Fehmarn Sound Bridge

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Fehmarn Sound Bridge
Fehmarnsundbrücke 059a.jpg
Fehmarn Sound bridge seen from Wulfener Hals
Coordinates54°24′05″N 11°06′45″E / 54.40139°N 11.11250°E / 54.40139; 11.11250Coordinates: 54°24′05″N 11°06′45″E / 54.40139°N 11.11250°E / 54.40139; 11.11250
CrossesFehmarn Sound
Official nameFehmarnsundbrücke (in German)
Total length963 m (3,159 ft 5 in)
Width21 m (68 ft 11 in)
Height67 m (219 ft 10 in)
Longest span248 m (813 ft 8 in)
Clearance above22 m (72 ft)
Fehmarn Sound Area

The Fehmarn Sound Bridge (German: Fehmarnsundbrücke) connects the German island of Fehmarn in the Baltic Sea with the German mainland near Großenbrode.[1]


The 963-metre-long (3,159 ft) crossing includes the 248-metre-long (814 ft) network arch bridge which carries road and rail over the 1,300-metre-wide (4,265 ft) Fehmarn Sound. Construction began in 1958 and the bridge was opened on April 30, 1963. The main span is 22 metres (72 ft) above the sea, which allows shipping to pass through. The bridge is constructed of steel and is 21 metres (70 ft) wide; 6 metres (20 ft) are used by Deutsche Bahn for a single rail track, part of the Lübeck–Puttgarden railway, the rest for a pedestrian walkway and two-lane roadway. The two steel arches, from which the central span is suspended by cables, are braced with steel cross-beams. The arches are 248 metres (810 ft) in length and reach 45 metres (150 ft) above the main deck of the bridge. The bridge was designed by engineers G. Fischer, T. Jahnke and P. Stein from the firm Gutehoffnungshütte Sterkrade AG, Oberhausen-Sterkrade. Architect Gerd Lohmer helped with the architectural design.

Panoramic image of the bridge as seen from southeast

Route and ferry changes[edit]

At the same time as the opening of the bridge, changes were made to ferry services. The previous ferry service to the island of Fehmarn was discontinued. The service from Großenbrode Quay, Germany to Gedser, Denmark, crossing both Fehmarn Sound and the Fehmarn Belt, was replaced with a new service from Puttgarden (on Fehmarn) to Rødby, Denmark crossing just the Fehmarn Belt. The new bridge and ferry changes brought about a substantial time saving for both road and rail traffic along the so-called Vogelfluglinie (literally "bird flight line") from Hamburg to Copenhagen.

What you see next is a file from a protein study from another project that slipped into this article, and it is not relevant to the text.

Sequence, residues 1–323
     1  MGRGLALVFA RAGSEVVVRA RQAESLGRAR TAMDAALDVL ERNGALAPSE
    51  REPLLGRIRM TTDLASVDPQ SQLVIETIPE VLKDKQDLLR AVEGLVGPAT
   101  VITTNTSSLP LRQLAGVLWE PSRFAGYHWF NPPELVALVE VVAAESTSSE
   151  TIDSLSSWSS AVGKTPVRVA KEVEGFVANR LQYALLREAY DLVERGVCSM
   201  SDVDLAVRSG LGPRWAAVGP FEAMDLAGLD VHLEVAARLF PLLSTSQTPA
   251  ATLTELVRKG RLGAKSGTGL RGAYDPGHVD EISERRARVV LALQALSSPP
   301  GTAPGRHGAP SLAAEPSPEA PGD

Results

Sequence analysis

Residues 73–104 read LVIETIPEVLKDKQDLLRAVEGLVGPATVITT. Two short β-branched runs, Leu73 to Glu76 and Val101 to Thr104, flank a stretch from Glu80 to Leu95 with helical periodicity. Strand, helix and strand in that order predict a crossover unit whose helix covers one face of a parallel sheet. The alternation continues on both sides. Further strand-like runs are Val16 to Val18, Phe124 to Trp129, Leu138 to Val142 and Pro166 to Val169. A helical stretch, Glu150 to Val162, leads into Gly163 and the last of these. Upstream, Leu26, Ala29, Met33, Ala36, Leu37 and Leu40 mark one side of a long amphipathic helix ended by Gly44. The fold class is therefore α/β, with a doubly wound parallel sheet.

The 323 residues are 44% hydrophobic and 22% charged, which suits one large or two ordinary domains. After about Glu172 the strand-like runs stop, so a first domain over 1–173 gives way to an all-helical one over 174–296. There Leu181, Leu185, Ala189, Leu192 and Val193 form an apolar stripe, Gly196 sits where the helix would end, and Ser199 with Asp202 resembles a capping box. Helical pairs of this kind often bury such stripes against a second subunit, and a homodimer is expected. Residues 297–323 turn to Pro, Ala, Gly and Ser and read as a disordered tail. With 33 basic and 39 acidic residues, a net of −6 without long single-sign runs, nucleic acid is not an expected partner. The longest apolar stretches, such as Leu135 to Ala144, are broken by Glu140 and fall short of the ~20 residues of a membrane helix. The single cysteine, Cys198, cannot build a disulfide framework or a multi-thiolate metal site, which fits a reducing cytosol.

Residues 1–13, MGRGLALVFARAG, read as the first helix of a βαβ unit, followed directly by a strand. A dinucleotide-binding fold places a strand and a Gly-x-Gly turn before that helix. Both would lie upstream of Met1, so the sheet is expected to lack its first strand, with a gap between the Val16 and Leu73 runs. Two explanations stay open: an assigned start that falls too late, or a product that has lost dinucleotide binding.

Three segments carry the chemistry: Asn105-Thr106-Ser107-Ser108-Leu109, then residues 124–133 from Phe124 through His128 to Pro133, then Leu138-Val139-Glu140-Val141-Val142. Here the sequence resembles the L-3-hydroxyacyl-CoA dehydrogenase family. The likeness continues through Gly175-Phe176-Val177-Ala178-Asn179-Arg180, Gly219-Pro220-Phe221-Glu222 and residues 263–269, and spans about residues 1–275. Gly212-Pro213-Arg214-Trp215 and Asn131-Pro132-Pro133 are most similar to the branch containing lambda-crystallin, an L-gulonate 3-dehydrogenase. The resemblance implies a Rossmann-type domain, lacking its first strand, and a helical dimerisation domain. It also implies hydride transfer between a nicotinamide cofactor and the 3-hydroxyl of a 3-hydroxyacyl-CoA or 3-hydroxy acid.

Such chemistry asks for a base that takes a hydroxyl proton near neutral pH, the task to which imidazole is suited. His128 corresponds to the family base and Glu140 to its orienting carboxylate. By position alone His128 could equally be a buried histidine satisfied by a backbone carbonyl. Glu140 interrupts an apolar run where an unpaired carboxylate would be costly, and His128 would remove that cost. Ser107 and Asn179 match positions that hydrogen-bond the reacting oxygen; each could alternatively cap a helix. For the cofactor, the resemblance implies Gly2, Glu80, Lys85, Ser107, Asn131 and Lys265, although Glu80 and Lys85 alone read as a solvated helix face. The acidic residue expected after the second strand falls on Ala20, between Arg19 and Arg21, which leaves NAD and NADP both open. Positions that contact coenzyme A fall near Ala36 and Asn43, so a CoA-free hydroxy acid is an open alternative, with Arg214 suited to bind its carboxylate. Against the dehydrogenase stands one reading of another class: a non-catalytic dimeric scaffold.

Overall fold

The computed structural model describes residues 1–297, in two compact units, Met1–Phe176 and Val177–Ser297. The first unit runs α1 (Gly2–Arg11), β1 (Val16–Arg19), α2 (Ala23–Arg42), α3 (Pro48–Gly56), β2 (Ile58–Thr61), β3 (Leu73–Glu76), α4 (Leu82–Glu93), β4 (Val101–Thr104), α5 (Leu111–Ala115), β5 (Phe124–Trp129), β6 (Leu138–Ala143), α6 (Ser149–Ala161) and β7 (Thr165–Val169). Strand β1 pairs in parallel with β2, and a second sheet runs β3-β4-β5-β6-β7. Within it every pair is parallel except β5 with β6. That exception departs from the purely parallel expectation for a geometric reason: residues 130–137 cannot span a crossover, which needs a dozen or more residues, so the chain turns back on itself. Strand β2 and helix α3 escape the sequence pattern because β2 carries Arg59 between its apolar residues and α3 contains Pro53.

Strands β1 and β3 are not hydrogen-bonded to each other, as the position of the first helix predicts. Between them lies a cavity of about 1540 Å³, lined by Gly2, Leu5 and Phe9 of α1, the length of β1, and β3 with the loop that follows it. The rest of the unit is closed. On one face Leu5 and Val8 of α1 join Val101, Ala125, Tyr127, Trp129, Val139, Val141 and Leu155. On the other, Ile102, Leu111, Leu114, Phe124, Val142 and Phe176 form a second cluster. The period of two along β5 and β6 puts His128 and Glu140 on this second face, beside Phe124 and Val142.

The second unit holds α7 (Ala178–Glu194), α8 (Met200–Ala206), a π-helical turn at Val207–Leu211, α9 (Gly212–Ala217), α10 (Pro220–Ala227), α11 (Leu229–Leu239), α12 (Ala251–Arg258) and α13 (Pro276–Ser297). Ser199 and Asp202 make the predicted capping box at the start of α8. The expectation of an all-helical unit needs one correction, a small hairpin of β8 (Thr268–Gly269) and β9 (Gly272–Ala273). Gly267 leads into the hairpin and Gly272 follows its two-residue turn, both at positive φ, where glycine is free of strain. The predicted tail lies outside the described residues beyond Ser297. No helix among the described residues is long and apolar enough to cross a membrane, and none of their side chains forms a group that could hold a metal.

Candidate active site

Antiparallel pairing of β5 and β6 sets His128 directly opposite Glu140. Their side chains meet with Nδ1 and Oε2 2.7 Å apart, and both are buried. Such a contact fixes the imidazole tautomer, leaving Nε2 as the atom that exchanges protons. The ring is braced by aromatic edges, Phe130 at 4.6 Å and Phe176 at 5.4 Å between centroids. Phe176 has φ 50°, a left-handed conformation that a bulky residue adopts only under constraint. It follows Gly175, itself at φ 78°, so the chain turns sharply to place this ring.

Historic monument[edit]

The Fehmarn Sound bridge was declared an historic monument in 1999 by the State Office for Protection of Historical Monuments of Schleswig-Holstein in Kiel, and has since become a symbol of both Fehmarn and Schleswig-Holstein.

Cold War explosive charges[edit]

As the bridge was built during the Cold War, six explosive vaults were embedded below the approach road on the mainland side to be used in case of invasion. Their location is given away even today by six square asphalt patches. The vaults were connected to a control point about 1 km (0.6 mi) away in Heinrichsruh.


A Fehmarn Belt Tunnel is decided, between Denmark and Germany, with four lanes (2+2) and double track railway.[2] But according to the agreement between the two countries, the Fehmarn Sound bridge can remain as it is, one lane per direction and a single railway track.[3]

In December 2012 a study was published saying that the bridge could not cope with the increased railway traffic expected after the tunnel opening.[4]

In 2020 it was decided to build the Fehmarn Sound Tunnel.


  1. ^ Platzöder, Renate; Verlaan, Philomène A. (1996). The Baltic Sea: New Developments in National Policies and International Cooperation. p. 147. ISBN 9041103570.
  2. ^ "Railway Gazette: Fehmarn Belt tunnel preferred". Retrieved 2011-01-02.
  3. ^ Aftalememorandum af 29. juni 2007[permanent dead link] (in Danish).
  4. ^ Curd Tönnemann (2012-12-21). "Gutachten: Fehmarnsundbrücke nicht belastbar genug". Lübecker Nachrichten. Retrieved 2012-12-21.

See also[edit]

External links[edit]